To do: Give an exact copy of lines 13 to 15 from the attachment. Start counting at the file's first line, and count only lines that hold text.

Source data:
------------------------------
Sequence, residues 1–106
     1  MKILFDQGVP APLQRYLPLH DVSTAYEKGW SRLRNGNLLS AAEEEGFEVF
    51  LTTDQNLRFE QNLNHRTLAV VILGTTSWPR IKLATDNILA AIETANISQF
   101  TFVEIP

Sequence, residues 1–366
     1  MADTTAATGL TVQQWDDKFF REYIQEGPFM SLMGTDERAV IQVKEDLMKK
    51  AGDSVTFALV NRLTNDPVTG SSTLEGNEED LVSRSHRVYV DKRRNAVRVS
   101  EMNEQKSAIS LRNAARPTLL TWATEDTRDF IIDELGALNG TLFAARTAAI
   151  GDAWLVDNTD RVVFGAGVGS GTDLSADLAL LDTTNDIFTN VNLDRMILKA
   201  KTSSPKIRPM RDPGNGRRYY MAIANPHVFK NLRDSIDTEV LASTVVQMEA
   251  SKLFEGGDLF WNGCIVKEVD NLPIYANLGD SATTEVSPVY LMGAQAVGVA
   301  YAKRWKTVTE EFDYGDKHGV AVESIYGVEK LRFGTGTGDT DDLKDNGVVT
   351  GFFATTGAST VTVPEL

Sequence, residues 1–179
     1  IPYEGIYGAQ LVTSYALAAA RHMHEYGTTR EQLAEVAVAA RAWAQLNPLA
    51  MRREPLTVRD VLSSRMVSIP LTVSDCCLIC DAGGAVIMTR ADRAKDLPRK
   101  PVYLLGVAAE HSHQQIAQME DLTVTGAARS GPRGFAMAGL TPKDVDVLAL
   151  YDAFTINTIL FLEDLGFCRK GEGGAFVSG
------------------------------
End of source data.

   351  GFFATTGAST VTVPEL

Sequence, residues 1–179
     1  IPYEGIYGAQ LVTSYALAAA RHMHEYGTTR EQLAEVAVAA RAWAQLNPLA